CAROL: Yeah. I think that the best analogy for that would be kind of the '70s. And something that looks for stagflation. Where the economy stagnates. And it stagnates, like you said, because all the money has been sucked up in a couple of categories. And there really is a lot to go around in other places. There's not a lot of investments being made, and what not. But we still end up having high inflation. And we are certainly, a lot of people feel like we're in that sort of stagflation, you know, arena, right now. And it can continue on the trajectory. But you have to remember in terms of deflation. I mean, that's what the Federal Reserve is trying to do. They are actively trying to deflate, you know, not just the bubbles and assets, but they're trying to deflate spending, to cool off the economy. That's why they're shutting off their balance sheets. That's why they're raising their interest rates. It's meant to cool off demand. And that's the math problem that I keep talking about. They keep saying, oh, the consumer. And businesses are going to save us from a recession. But at the same time, the policy is meant to do the exact opposite. The policy is meant to make it, so that people aren't able to spend in the same way. So those two objectives are at odds with each other. And so I do think, that we could end up in this prolonged period, like you said, where the inflation hasn't quite gotten under control. Especially since we have so many supply demand imbalances in our economy. We have a labor imbalance. We have a food imbalance. We have an energy imbalance. And we have a commodity imbalance. And that's not going to it be solved by any monetary policy. That requires real action. And we don't have leadership, that's willing to lead or frankly do anything.

GLENN: So we have -- as I see it, we're looking at a situation. Again, I'm going back. And please, correct me where my thinking is off. But I'm going back to the Great Depression. So people were afraid. They held on to their money. They spent what they had to, and what they could afford. But nothing else.

That caused the labor market to shoot out of control. To -- to about 25 percent unemployment. Because the factories were closing down. Because no one was buying anything, from the factories. Which then, in turn, made FDR say, we're going to build the Hoover damn, to give people jobs. But it was all the government money, which would have just caused more inflation, if I'm not mistaken. Had it not been for the -- and I hate to say it this way. But the saving grace of the Second World War. Right? Were we in a death spiral? I mean, the war was definitely a different kind of reset. And I think a lot of the logic that you're talking about makes sense. If consumer sentiment is really important. And it becomes a self-fulfilling prophecy, if people don't feel confident, they don't go out and spend. They're worried about their inflation. And being able to feed their family. And get to work. They aren't going to spend -- I think there are a couple of things that we have that are different. And it's not necessarily better for the average American. So I just want to be clear. That I'm on your side, and I'm not saying that it's better.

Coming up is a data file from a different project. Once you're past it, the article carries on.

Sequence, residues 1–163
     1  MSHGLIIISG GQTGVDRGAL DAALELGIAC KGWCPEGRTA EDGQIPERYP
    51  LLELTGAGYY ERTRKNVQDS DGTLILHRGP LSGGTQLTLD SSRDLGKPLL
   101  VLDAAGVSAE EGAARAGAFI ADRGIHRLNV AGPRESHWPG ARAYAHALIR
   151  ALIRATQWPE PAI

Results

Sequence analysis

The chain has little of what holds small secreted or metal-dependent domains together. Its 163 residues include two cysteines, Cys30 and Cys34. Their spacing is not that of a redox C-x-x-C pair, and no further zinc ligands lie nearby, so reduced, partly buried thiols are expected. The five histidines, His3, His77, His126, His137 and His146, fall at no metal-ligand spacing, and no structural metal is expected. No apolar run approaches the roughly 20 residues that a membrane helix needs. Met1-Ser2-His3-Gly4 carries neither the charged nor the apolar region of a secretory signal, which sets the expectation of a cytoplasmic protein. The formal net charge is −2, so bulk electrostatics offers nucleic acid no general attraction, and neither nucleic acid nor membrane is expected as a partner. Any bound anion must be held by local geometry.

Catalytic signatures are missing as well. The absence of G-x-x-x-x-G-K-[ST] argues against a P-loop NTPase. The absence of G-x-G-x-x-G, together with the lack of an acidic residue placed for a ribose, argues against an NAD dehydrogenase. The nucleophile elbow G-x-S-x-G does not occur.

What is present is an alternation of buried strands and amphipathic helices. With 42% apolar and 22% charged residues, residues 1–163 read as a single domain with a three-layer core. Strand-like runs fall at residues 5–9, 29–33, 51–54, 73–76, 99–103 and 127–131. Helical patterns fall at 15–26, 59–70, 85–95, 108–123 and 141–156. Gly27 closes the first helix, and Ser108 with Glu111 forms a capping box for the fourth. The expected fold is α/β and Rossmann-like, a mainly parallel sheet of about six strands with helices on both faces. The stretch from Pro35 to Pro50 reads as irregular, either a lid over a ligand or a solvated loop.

But because of this huge supply and demand imbalance. We have two jobs available for every person looking. The likelihood is that that probably contracts to be, you know, a better match, than having massive unemployment just because of that scenario is going on. And we also have a whole slew of Americans, who are doing -- you know, have done very well. They have been the beneficiaries of this giant wealth transfer from Main Street to Wall Street. So I think we're going to have a lot of, you know, different outcomes. You know, that inadequately, that's been driven by government policy. And that's never a good thing. Because, you know, the social unrest that comes with it. And rightfully so. Because, you know, these policies have really put the middle class. The working class. And in some cases, the lower class, at risk, to the benefit of the people on the inside. And so the numbers on average, may not show how dire the situation is. And so they'll be able to spend. And say, oh, everything is great. And the consumer is doing well, when people are really struggling. And, you know, that's going to be when we continue to just be furious. And, you know, demand something be done about that.

GLENN: Carol, thank you so much for everything that you do.

She's just issued a new paper. A new piece for TheBlaze. What the heck is going on in bitcoin. And you can find that at TheBlaze.com. TheBlaze.com. What is going on with bitcoin, by Carol Roth. Thanks, Carol. God bless.

Shorts

Glenn: I didn't think Roe v Wade would end in my lifetime

GLENN: We just have to take a minute, and just think of the miracle we just witnessed.

There isn't a soul, not one soul, in this audience that thought that this would happen. Like this. This fast.

I didn't think it would happen in my lifetime.